When it comes to figuring out how sea life can adapt to a rapidly changing climate, scientists may have a lot to learn from urchins. Turns out, sea urchins are pretty tough. These spiky echinoderms may not be as cute as a floatation of otters or as cool as flowing forests of kelp, but they may hold critical clues as to how commercial fisheries and aquaculture operations might contend with a warming world.
“Tough urchins tend to make tough babies,” according to Gretchen Hofmann, a UCSB molecular ecologist who focuses on the response of marine organisms to a changing environment. In this context, she explained, “tough” means able to tolerate warmer water. “If these animals can change quickly to persist in warming environments, it could help us understand how entire communities might be able to change. The thinking is that some organisms will be good at dealing with the heat while others won’t.”
At the Hofmann Lab last week, postdoctoral researcher Marie Strader explained that she and her fellow scientists were studying urchins — some in tanks simulating a normal ocean, and others in more acidic conditions associated with water that’s absorbed a lot of carbon dioxide, that greenhouse gas linked to global warming. After inducing the urchins to spawn (with a diluted solution of potassium chloride), Strader said, gathered gametes (eggs) are gently blended with sperm, and the progeny are studied.
“We’re mimicking climate change in the lab,” said Hofmann. “We’re asking: If the adults experience an environment that’s a little more challenging, will those females imbue things into the eggs that make their babies tougher? We test the progeny — are you bigger? Do you have more lipids? Did your mom pack you a better sandwich? There’s a lot of theory and a lot of data that says animals kind of naturally do this, but we’ve never looked this carefully and in a climate-change context.”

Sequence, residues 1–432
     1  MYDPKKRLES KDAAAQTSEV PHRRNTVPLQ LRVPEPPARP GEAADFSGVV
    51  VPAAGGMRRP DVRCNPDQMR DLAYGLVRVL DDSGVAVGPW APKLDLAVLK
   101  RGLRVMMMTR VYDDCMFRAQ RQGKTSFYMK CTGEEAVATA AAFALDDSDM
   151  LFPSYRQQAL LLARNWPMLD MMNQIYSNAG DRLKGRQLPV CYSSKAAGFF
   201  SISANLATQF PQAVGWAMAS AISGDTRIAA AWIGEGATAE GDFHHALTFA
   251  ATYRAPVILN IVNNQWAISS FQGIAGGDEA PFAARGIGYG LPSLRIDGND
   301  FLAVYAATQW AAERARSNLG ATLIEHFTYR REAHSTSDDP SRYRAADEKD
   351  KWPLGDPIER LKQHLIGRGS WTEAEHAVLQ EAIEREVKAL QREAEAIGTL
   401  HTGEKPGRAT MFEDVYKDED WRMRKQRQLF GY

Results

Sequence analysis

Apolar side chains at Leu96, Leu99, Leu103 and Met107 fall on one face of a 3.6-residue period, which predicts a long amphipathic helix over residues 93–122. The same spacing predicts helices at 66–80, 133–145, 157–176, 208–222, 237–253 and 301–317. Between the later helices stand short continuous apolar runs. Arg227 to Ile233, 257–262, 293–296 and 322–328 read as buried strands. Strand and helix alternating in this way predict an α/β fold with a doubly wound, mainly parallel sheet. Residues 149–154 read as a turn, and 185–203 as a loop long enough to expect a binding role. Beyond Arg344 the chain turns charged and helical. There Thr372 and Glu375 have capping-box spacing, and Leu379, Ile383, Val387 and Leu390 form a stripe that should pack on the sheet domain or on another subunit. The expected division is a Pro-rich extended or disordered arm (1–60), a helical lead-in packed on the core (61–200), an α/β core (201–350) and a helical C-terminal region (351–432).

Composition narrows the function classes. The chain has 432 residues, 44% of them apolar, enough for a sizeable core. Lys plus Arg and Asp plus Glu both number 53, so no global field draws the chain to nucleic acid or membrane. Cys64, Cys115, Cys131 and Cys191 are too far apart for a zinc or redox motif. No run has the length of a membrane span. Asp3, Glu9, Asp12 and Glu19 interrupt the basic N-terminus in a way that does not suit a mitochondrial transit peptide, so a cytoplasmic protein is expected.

The applications are real, Hofmann added. “Can we save a fishery by raising heat-tolerant red urchins? The idea of ‘climate-proofing’ aquaculture is incredibly important globally.” The commercially harvested urchins that injected an estimated $30 million into Santa Barbara’s economy last year range from Baja to Alaska. Urchin roe, or uni — the Japanese word for “delicacy” — is an acquired taste; most of the harvest is exported. But they’re easier to study in the lab than a food stable from the depths, such as black cod, for example. “You have to start somewhere,” Hofmann said.
The Hofmann Lab is also taking a hard look at the Santa Barbara Channel’s iconic kelp forests, those fast-growing undersea amber realms where all kinds of plants and animals gather, feed, and breed. “Kelp forests are more than just great places to be a fish,” Hofmann said. “They actually change the nature of the water. They put in more oxygen, and because they do photosynthesis, they suck CO2 out of the water, making it less acidic and providing this great climate change protection service.”
But kelp forests, which also range from northern Baja to Alaska, don’t thrive in warmer water. “Maybe there is a threshold,” Hofmann wonders about that temperature at which thinning kelp forests can no longer render services critical to all the forms of life they support. But right now, she added, “We’re not there yet.”